Not that many people today will see it that way, but I’ll wager that historians a thousand years from now will mark this event as more significant than even the great wars of the 20th century.
The Turing Test has been passed: just sixty-four years after it was defined.
For those of you who don’t know, British mathematician Alan Turing, the father of the general-purpose computing machine, on which all our modern computing devices are based, defined his test in 1950, as a criterion as to whether or not a computer could be said to “think”. According to Turing’s original formulation, a machine could be regarded as “thinking” if it succeeded in an imitation game: convincing a human interrogator that it, too, was human, and not a machine.
“Eugene Goostman”, a Russian-developed chatterbot program, finally succeeded in fooling a panel of judges (which, amusingly, included actor Robert Llewellyn, who played the android Kryten in Red Dwarf) at the Royal Society last week into believing he was a thirteen-year-old Ukranian boy. The results of the event, organized by the University of Reading, were announced yesterday by Professor Kevin Warwick. The threshold of fooling 33% of judges was reached, after several attempts in recent years came tantalizingly close.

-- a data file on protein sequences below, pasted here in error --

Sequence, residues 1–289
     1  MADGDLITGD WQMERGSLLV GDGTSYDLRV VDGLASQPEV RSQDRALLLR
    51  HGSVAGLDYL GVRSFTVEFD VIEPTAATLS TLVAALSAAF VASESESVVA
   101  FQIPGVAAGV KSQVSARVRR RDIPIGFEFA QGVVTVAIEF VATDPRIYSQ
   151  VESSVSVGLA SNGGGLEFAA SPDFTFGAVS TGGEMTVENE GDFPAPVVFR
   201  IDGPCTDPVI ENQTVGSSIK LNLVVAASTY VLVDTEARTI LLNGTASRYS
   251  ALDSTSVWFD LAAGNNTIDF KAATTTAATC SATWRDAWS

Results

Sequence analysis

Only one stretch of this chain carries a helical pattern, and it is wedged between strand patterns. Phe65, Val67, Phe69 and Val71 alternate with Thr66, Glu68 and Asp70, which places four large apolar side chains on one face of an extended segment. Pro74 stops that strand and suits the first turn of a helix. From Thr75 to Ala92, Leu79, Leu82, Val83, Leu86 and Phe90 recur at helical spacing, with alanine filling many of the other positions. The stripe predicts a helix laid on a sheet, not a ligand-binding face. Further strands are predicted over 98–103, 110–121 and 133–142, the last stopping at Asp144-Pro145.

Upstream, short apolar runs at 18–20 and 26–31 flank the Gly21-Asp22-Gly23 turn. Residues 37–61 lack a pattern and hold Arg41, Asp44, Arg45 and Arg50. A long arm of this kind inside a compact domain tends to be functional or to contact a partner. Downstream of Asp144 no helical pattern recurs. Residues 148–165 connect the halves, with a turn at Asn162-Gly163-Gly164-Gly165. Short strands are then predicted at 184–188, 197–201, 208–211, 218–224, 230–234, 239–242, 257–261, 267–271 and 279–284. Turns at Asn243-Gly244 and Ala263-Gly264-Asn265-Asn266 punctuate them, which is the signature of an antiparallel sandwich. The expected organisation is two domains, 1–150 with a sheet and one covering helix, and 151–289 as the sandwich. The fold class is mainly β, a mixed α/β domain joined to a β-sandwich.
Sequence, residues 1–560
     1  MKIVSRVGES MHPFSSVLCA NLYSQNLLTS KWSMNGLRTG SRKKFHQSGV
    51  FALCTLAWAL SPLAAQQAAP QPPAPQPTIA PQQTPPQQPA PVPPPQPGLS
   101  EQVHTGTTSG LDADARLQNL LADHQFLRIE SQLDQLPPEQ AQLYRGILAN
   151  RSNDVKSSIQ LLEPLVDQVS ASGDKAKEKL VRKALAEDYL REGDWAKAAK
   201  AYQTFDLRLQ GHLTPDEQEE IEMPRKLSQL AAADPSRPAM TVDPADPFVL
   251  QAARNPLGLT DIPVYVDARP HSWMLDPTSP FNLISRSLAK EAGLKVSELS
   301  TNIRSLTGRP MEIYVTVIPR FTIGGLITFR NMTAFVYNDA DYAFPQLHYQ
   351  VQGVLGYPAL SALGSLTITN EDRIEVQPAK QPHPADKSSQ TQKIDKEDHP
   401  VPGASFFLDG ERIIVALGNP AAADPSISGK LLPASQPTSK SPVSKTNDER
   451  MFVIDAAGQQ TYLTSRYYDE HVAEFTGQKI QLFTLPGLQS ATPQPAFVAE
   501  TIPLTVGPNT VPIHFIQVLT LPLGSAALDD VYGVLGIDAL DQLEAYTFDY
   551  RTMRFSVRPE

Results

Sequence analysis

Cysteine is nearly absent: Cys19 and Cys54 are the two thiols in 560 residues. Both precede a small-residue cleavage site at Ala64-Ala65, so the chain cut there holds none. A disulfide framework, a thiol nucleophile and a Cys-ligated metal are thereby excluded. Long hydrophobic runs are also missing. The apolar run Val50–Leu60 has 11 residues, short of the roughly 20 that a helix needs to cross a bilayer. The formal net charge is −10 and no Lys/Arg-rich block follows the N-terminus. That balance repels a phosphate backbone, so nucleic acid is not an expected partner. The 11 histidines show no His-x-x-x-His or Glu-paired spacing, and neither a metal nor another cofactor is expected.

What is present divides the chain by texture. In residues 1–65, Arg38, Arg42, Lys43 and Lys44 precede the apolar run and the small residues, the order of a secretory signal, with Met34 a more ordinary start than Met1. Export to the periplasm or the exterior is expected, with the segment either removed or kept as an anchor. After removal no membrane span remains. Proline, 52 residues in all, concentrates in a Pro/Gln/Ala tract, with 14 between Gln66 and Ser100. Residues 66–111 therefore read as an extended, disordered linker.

This means the way is now open for human-like machines to interact with us in a myriad of ways not possible with human-to-human relationships. Whether or not they start getting malevolent ideas of their own, like HAL in 2001: A Space Odyssey, is in the hands of future programmers, businessmen, philosophers and politicians.
After thousands of years of trying, human beings achieved powered flight in 1903. Just sixty-six years later, we set foot on the moon. Seriously, the future holds mighty promise.